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Show of hands: How many of you have tried to think of a way to “Uber-fy” your company?
I’m guessing you just raised your hand. In fact, the Uber chapter in tech history has probably inspired far more copy-cat businesses than any other in recent memory, with Uber-inspired laundry and food delivery, hair styling, and even flat-tire service. The only problem: it’s not a profitable model—even for Uber.
In the first half of 2016, Uber actually lost $1.27 billion, one of the largest tech losses ever seen. Even Amazon lost $1.4 billion in 2000 during the dot.com bust and then Jeff Bezos fired 15 percent of the workforce. For new companies looking to follow Uber’s model of “grow first, make money later,” the risk might be higher than the potential reward.
In fact, I’d say the road to hell is paved with failed “Uber-of” apps, with many realizing there just isn’t enough mark-up on delivery, fast-food, or tire-changing to leave enough black in the bottom line. While disruption is exciting, I’d say more companies would be profitable—in the long run—if they chose to embrace a culture of change.
I get it: disruption is sexy. It’s more thrilling, and offers bigger potential for fame, big-money buyouts, and social media coverage. But I’d argue it also leaves a lot more room for going down in flames. Change, on the other hand, leads to longevity and profitability. Most companies would benefit more from focusing on creating products, services, and experiences that meet evolving customer demands. The following are just a few tips to keeping your company afloat in the Uber-of age.
With the Uber model, companies are focusing on providing a service quickly—often to their own demise. Many are realizing it just isn’t realistic to offer on-demand service with real people and commodities, especially at the low prices customers are demanding. Even Uber has had its share of problems, settling lawsuits with drivers to the tune of millions of dollars, and facing an ever-evolving list of competitors in the market. Rather than jumping in head-first with a trendy business model, take stock of what might be a more realistic, scalable, and adaptable way to grow.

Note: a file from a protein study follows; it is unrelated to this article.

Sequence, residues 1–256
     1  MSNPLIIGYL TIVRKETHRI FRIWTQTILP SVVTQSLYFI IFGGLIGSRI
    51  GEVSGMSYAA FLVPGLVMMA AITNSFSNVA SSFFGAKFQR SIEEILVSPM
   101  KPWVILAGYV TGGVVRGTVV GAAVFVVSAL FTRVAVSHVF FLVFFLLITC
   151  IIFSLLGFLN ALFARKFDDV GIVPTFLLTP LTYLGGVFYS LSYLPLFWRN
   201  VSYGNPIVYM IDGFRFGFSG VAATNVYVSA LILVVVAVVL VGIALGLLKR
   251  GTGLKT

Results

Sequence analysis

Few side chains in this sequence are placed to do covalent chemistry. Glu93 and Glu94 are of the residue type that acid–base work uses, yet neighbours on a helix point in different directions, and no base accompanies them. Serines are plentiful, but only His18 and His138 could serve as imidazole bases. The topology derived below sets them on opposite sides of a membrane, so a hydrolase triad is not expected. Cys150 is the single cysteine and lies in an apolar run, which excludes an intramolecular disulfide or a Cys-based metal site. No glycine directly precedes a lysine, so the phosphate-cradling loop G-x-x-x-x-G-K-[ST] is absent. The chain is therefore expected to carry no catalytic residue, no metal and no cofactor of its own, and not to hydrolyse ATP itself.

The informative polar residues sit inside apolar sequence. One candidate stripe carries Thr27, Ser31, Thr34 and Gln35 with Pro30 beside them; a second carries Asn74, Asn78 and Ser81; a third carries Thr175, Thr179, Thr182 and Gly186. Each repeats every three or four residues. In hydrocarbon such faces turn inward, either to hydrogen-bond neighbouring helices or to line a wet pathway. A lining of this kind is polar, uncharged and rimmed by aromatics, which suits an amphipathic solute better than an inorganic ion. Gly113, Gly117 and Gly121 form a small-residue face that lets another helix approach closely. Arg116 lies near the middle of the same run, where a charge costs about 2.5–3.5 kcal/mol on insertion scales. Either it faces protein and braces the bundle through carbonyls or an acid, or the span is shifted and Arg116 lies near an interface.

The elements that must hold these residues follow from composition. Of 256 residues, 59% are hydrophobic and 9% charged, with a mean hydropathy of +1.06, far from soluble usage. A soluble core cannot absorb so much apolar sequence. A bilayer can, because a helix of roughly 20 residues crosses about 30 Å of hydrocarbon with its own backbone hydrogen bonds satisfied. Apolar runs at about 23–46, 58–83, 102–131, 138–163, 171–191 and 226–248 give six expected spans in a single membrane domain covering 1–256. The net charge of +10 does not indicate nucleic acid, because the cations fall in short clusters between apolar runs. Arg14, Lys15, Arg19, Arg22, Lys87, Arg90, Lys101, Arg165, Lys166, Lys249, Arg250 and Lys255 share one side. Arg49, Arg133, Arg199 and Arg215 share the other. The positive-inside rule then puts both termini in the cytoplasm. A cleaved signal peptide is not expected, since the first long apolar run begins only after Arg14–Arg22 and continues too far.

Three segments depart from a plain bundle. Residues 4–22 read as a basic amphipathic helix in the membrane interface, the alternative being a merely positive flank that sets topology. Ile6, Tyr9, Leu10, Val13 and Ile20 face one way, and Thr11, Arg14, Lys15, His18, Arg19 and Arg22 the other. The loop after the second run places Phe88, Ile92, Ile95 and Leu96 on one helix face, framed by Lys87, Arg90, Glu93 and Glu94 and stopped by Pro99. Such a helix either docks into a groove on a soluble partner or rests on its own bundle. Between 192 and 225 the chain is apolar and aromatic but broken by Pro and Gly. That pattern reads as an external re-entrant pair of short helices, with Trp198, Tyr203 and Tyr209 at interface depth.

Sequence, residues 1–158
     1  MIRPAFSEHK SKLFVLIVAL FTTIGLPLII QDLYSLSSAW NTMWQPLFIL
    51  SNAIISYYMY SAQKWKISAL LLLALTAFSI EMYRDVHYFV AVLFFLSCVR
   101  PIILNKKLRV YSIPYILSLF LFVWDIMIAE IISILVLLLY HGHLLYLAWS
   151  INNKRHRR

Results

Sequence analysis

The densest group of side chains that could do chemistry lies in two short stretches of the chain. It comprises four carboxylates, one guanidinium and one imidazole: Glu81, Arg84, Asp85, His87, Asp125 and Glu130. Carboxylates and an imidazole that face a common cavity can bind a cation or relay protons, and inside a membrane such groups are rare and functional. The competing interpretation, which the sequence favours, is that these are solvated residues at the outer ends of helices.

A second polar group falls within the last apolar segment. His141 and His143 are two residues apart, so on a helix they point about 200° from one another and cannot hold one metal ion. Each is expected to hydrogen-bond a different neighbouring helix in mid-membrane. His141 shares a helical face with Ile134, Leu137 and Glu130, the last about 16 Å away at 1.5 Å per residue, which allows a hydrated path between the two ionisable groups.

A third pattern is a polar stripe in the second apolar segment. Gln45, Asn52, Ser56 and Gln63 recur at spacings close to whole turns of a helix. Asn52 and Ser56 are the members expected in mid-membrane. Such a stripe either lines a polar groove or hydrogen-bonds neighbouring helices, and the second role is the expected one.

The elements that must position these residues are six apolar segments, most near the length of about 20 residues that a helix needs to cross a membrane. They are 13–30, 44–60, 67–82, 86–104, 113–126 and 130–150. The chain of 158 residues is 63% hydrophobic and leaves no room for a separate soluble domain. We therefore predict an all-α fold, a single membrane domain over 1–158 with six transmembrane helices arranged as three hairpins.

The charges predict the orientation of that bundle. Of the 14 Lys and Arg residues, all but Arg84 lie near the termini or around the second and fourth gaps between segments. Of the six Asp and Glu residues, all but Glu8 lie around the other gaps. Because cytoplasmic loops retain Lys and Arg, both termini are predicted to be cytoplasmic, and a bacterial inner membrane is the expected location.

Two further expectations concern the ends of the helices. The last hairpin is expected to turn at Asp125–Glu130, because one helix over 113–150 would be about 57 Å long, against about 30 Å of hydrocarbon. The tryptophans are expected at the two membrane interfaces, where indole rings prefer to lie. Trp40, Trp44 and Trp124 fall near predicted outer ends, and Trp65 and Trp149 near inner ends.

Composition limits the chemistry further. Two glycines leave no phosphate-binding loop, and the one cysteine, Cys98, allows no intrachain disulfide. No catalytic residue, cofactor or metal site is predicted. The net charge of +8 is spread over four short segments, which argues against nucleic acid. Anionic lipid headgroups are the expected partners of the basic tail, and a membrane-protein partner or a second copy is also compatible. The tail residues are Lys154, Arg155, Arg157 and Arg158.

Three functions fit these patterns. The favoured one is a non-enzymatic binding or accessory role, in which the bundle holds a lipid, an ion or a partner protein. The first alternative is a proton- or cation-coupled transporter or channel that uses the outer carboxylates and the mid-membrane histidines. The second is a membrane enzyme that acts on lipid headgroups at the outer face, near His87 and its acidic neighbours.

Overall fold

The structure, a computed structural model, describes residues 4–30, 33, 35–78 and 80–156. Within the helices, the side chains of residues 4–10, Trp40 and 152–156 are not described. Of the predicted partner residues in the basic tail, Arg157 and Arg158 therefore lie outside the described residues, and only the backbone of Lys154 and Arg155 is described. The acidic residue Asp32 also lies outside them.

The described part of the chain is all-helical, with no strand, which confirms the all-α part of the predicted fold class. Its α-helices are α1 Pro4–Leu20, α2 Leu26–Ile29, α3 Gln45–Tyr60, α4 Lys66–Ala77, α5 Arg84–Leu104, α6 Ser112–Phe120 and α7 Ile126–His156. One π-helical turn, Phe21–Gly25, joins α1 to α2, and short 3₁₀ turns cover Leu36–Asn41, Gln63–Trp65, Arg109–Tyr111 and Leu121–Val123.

Think Beyond Big Picture
Just because you start in one industry, that doesn’t mean you’ll stay there. Netflix started as a movie rental service but later evolved into on-demand streaming and even transformed into award-winning content creation. Amazon and Google had similar epiphanies, moving far beyond their initial scope of work to take on everything from brick-and-mortar shopping to cloud storage. These companies didn’t just seek to copy someone else’s disruption model. They chose to work with their strengths and create their own.
Choose a Scale-worthy Model
Many companies, like Luxe, have been unprepared for the uber-amazing success that came along with their on-demand apps—so much so that they were forced to raise prices and suffer scathing customer reviews when employees couldn’t keep up with demand. Take a moment to take a rational look and determine if a new model is easily scale-able for your business. If not, plan accordingly—there could be dark days ahead.
Spot the Gaps in the Market—Yours or Others
Where and how are customers feeling unsatisfied or unfulfilled? How could your company help fill that gap? Uber succeeded because many felt taxi companies were holding them hostage to high rates and poor service. Where’s the hole in your competitor’s business model? What about the greater business market?
Rock Out, Instead of Rocking the Boat
I’ve said it before, but I’ll say it again: evolution is often more powerful than revolution, at least for companies hoping to make a lasting mark. Rock out to your own strengths and grow steadily from there, rather than seeking to overturn the boat.
Take What Works
The sharing economy may not be as friendly as its name implies, but it has offered lots of insights and wisdom into what works, what doesn’t, and what customers ultimately want. Take what works for your company and allow it to grow your company in a unique and meaningful way.
Uber is an amazing company that will likely go down with the likes of Google for changing how we live and work in the new digital economy. The only problem: Uber isn’t for everybody. Heck, Lyft isn’t either! Don’t be afraid to go your own way in the new business market—so long as your way is open to sudden and frequent detours.
Additional Resources on This Topic:
Creating a Culture that Embraces Tech Change
Innovation vs. Transformation: The Difference in a Digital World
This article was first published on Forbes.
Daniel Newman is the Principal Analyst of Futurum Research and the CEO of Broadsuite Media Group. Living his life at the intersection of people and technology, Daniel works with the world’s largest technology brands exploring Digital Transformation and how it is influencing the enterprise. Read Full Bio